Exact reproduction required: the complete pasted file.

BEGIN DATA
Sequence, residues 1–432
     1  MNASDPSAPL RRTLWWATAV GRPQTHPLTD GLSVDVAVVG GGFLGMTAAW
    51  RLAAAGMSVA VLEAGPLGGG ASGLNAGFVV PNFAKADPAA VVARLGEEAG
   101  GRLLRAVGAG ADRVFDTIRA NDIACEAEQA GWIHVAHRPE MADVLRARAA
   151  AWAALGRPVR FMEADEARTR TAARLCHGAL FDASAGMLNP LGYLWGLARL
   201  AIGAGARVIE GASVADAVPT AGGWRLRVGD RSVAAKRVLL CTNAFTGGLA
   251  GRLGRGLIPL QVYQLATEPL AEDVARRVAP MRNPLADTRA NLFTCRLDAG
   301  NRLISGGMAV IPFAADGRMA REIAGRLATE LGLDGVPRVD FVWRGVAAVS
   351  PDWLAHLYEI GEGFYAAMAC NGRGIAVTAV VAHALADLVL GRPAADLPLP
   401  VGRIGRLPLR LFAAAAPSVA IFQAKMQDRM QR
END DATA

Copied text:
Sequence, residues 1–432
     1  MNASDPSAPL RRTLWWATAV GRPQTHPLTD GLSVDVAVVG GGFLGMTAAW
    51  RLAAAGMSVA VLEAGPLGGG ASGLNAGFVV PNFAKADPAA VVARLGEEAG
   101  GRLLRAVGAG ADRVFDTIRA NDIACEAEQA GWIHVAHRPE MADVLRARAA
   151  AWAALGRPVR FMEADEARTR TAARLCHGAL FDASAGMLNP LGYLWGLARL
   201  AIGAGARVIE GASVADAVPT AGGWRLRVGD RSVAAKRVLL CTNAFTGGLA
   251  GRLGRGLIPL QVYQLATEPL AEDVARRVAP MRNPLADTRA NLFTCRLDAG
   301  NRLISGGMAV IPFAADGRMA REIAGRLATE LGLDGVPRVD FVWRGVAAVS
   351  PDWLAHLYEI GEGFYAAMAC NGRGIAVTAV VAHALADLVL GRPAADLPLP
   401  VGRIGRLPLR LFAAAAPSVA IFQAKMQDRM QR